With its featureless 1950s architecture, Bhubaneswar may initially strike you as surprisingly dull for a city with a population of almost a million and a history of settlement stretching back more than two thousand years. However, the southern suburbs harbour the remnants of some of India’s finest medieval temples, which are made all the more atmospheric by the animated religious life that continues to revolve around them, particularly at festival times. They are quite spread out, but it’s possible to see the highlights in a day by auto-rickshaw. The majority are active places of worship, so dress appropriately, remove your shoes (and any leather items) at the entrance and seek permission before taking photographs, particularly inside the buildings. The resident priest will expect a donation if he’s shown you around, but don’t believe the astronomical amounts recorded in the ledgers you’ll be shown. Entry is free to all temples except the Rajarani.
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Several places around Bhubaneswar can be easily visited as a day-trip. Fifteen minutes by auto-rickshaw out of the centre, the second-century BC caves at Khandagiri and Udaigiri offer a glimpse of the region’s history prior to the rise of Hinduism. Dhauli, just off the main road to Puri, boasts an even older monument: a rock edict dating from the Mauryan era, commemorating the battle of c.260 BC that gave emperor Ashoka control of the eastern seaports, and thus enabled his missionaries to export the state religion across Asia. Pipli, 20km south, is famous for its appliqué work and colourful lampshades.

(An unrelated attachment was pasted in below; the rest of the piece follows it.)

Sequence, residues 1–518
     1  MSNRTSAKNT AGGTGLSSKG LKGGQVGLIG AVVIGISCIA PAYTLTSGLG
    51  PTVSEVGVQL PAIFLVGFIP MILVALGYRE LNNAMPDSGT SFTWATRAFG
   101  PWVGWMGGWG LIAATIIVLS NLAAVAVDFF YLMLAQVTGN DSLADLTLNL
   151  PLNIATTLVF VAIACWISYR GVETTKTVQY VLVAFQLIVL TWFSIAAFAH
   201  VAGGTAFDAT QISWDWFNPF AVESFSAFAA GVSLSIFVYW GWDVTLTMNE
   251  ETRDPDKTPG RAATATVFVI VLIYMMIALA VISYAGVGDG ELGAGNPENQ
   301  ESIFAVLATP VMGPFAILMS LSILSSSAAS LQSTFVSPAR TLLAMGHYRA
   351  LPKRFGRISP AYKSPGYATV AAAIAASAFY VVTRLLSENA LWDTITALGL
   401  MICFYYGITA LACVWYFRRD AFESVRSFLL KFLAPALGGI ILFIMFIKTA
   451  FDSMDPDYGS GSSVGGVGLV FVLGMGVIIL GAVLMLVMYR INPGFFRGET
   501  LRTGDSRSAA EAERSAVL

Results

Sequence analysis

Udaigiri and Khandagiri caves
More than two thousand years ago, caves chiselled out of the malleable yellow sandstone of a pair of low hills 6km west of Bhubaneswar were home to a community of Jain monks. Nowadays, they’re clambered over by langur monkeys and occasional parties of tourists. Though by no means in the same league as the caves of the Deccan, Udaigiri and Khandagiri rank among Odisha’s foremost historical monuments.
Inscriptions show that the Chedi dynasty, which ruled ancient Kalinga from the first century BC, was responsible for the bulk of the work. There are simple monk’s cells, as well as royal chambers where the hallways, verandas and facades are encrusted with sculpture depicting court scenes, lavish processions, hunting expeditions, battles and dances. The later additions (from medieval times, when Jainism no longer enjoyed royal patronage in the region) are more austere, showing the 24 heroic Jain prophet-teachers, or tirthankaras.
From Bhubaneswar, the caves are approached via a road that follows the route of an ancient pilgrimage path. As you face the hills with the highway behind you, Khandagiri (“Broken Hill”) is on your left and Udaigiri (“Sunrise Hill”) is on your right.
Satkosia Tiger Reserve
Spanning almost a thousand square kilometres in central Odisha, some 125km northwest of Bhubaneswar, the Satkosia Tiger Reserve is a beautiful, forested riverine landscape, with the Mahanadi River and the stunning Satkosia gorge at its heart.
Few foreign travellers make it out to the reserve, which encompasses the Satkosia Gorge Wildlife Sanctuary and the Baisipalli Wildlife Sanctuary, and tourism is in its infancy. However, if you make it here you’ll be amply rewarded: the reserve has large communities of gharial and mugger crocodiles, and 164 species of bird, as well as a handful of elusive tigers. Boat trips, hikes and jeep safaris are all on offer.